Prominent government officials, infrastructure experts and business professionals are once again expected to congregate at the annual Infrastructure Africa Business Forum (IABF), which is set unlock some of the enormous growth potential in Africa’s infrastructure sectors.
The third annual Infrastructure Africa Business Forum, to be held at the Sandton Convention Centre on the 21st and 22nd of July, will address a myriad of issues raised by national governments, regional businesses and infrastructure players as they seek new opportunities of growth and address bottlenecks in the African infrastructure space.
After a successful launch in 2012, delegates can expect further participation from African delegates at this year’s IABF. The two-day event continues to attract senior business leaders, policymakers, regulators and media to advance, debate and champion delivery of Africa’s critical infrastructure requirements.
This year’s event has more sponsors than ever before, each of which are working in the African infrastructure space and will provide delegates with exclusive insight into their project work on the continent.
The event’s strategic partner is the Gauteng Department of Infrastructure Development (GPDID), its founding partner is the NEPAD Planning & Coordinating Agency (NPCA), and the Development Bank of Southern Africa (DBSA) is a sponsoring partner. New sponsors sponsoring specific panel discussions include Werksmans, Accenture, ACSA and Santam.
Some of the topics included in this year’s programme are:
The evaluation of PIDAs implementation and progress
The African Union Commission, in partnership with the United Nations Economic Commission for Africa, African Development Bank and the NEPAD Planning and Coordinating Agency, completed formulating the Programme for Infrastructure Development in Africa (PIDA). This continental initiative, based on regional projects and programmes, seeks to address the infrastructure deficit that severely hampers Africa’s competitiveness in the world market.
Financing infrastructure development in Africa
Closing Africa’s infrastructure financing gap will not only involve raising additional funds but also improve the efficiency with which existing resources are used. Lack of timely maintenance activities, inefficiency of distribution networks, weak revenue collection performance, under-pricing of services, and low capital budget execution all lead to substantial wastage of resources currently available for infrastructure development. Bridging Africa’s infrastructure funding gap is as much about improving the performance of the relevant institutions as it is about raising additional finance.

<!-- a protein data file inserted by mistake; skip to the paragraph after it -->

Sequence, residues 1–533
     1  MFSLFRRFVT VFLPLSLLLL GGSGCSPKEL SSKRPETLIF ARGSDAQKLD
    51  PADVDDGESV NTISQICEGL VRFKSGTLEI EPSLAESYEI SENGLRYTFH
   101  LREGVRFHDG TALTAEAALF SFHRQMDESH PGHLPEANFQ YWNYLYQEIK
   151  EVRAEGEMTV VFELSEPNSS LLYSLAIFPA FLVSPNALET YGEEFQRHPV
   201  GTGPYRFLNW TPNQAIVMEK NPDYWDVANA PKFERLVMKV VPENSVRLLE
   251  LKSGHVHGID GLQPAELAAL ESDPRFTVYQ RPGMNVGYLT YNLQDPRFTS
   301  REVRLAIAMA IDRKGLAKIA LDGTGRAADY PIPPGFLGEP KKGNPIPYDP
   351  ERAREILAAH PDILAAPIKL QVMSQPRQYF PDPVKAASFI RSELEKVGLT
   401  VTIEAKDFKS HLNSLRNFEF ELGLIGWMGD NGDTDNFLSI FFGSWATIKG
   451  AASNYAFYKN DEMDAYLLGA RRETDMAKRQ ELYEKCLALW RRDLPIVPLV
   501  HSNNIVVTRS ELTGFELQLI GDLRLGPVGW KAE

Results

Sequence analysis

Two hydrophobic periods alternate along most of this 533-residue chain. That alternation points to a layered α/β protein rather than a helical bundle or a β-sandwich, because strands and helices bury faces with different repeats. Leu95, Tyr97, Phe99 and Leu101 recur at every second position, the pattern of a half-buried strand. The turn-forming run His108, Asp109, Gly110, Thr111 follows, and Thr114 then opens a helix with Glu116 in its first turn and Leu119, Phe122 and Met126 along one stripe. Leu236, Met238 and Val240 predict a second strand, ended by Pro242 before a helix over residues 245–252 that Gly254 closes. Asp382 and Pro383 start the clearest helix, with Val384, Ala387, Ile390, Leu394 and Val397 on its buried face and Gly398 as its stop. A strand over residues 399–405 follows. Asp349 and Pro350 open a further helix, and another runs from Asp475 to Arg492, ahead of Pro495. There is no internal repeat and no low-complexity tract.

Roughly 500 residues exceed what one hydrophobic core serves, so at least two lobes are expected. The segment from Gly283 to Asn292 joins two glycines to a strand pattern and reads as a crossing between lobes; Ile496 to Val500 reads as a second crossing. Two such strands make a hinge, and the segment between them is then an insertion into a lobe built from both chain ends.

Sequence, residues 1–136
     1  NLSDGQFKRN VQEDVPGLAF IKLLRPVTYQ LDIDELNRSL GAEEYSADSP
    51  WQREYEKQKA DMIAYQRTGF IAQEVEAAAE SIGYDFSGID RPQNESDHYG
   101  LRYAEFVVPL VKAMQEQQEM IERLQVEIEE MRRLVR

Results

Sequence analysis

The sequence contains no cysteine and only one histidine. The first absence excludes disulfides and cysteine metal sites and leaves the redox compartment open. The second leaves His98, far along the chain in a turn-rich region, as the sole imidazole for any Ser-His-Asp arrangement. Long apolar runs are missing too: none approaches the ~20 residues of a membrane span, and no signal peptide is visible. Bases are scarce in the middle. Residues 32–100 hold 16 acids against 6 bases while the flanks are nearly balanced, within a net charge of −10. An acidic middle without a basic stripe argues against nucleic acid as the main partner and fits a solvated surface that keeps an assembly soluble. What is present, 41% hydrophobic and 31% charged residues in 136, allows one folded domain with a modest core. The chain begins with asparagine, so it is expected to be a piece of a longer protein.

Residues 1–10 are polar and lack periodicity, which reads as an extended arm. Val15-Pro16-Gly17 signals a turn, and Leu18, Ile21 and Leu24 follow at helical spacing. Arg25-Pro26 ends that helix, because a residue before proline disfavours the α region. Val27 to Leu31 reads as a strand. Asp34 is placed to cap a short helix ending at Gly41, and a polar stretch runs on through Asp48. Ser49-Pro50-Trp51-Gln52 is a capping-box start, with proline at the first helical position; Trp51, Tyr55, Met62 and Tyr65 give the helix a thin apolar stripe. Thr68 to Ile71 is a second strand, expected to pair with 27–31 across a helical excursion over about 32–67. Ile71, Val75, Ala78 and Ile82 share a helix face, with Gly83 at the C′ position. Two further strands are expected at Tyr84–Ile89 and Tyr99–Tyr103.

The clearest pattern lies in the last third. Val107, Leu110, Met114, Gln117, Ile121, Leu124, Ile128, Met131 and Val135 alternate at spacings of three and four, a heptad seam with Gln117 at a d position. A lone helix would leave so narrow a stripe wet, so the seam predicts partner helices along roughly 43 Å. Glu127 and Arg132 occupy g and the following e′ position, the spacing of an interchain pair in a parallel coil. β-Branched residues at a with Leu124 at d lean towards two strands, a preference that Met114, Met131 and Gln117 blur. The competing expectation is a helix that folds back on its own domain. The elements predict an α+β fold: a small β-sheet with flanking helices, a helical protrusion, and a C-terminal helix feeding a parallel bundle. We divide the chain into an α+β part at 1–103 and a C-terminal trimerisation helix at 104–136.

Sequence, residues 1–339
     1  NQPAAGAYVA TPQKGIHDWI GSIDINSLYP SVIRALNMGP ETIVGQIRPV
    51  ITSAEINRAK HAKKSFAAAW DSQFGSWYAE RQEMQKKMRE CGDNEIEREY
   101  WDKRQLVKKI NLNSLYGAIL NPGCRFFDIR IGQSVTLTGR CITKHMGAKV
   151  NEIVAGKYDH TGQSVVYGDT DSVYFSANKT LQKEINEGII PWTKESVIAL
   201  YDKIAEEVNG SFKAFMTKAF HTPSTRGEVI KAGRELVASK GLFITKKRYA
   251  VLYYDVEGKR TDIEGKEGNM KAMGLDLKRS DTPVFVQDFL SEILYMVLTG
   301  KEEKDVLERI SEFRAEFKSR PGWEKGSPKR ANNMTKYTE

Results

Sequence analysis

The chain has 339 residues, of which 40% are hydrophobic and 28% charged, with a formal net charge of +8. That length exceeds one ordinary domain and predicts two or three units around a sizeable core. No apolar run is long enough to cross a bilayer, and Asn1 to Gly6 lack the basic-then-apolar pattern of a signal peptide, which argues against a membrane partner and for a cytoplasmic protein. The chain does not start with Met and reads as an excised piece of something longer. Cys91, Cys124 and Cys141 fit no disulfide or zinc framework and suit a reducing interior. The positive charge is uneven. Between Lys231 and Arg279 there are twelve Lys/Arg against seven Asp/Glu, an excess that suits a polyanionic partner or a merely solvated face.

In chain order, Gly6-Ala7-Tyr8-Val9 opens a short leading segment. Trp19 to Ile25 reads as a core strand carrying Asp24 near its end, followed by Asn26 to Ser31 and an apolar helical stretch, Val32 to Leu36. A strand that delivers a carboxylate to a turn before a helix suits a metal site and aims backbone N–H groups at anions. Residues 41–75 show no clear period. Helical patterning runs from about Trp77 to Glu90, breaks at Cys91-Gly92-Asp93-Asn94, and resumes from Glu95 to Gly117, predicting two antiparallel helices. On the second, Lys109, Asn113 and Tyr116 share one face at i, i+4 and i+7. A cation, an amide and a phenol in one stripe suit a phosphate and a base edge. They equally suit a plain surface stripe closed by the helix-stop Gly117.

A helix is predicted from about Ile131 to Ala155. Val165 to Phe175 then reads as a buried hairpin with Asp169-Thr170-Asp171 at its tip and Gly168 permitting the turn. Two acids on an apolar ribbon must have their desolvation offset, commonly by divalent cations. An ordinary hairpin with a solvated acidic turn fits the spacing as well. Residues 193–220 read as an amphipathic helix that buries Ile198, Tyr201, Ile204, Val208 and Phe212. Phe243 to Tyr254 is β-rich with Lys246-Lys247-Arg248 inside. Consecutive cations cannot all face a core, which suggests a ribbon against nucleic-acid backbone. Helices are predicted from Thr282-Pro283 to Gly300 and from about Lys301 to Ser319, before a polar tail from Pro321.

Agriculture & trans-boundary water projects in Africa
Africa continues to suffer from low levels of agricultural productivity and is constantly bedevilled by famines. A large part of the continent’s inability to feed itself and provide clean and accessible water can be explained by poor infrastructure (transportation, energy, irrigation, and telecommunication).There is a need for Africa to better understand, manage, monitor and exploit its water and agricultural resources in a technologically modern way with good ecological and environmental safeguards.
ICT & telecoms in Africa
How can Africa foster a business climate and a development environment that will increase the drive to modernise the continent with regards to technology? Can Africa translate its mobile sector boom into growth of its ICT & telecoms sector – and inadvertently contribute to economic development?
Project development and access to projects
Infrastructure development is one of the top political priorities in Africa. The continent’s growing population, education levels and technology absorption rates are putting pressure on already stressed power, transport, water and information technology networks. The lack of existing infrastructure and future investments is a key factor hampering Africa’s economic development and constraining trade and job creation. Without an adequate infrastructure endowment Africa is at risk of sacrificing about 2% of GDP growth annually.
The transport sector and investment opportunity in Africa
African farmers without adequate road networks are condemned to grow not what they can eat, but what they can carry on their heads and eat quickly before pests destroy it. As a result, nearly half of the hungry people in Africa are farmers. Transport is an indispensable tool in the creation of a socio-economic space that would lead to free movement of goods and persons in Africa. Providing adequate and effective transport is one of the quickest ways to boost economic development.
Energy in Africa
Africa is experiencing rapid economic growth and urbanisation in many of its countries, making the demand for energy ever more urgent, but Africa remains a net exporter of energy. Can Africa develop the skills it needs to utilise its vast natural energy resources?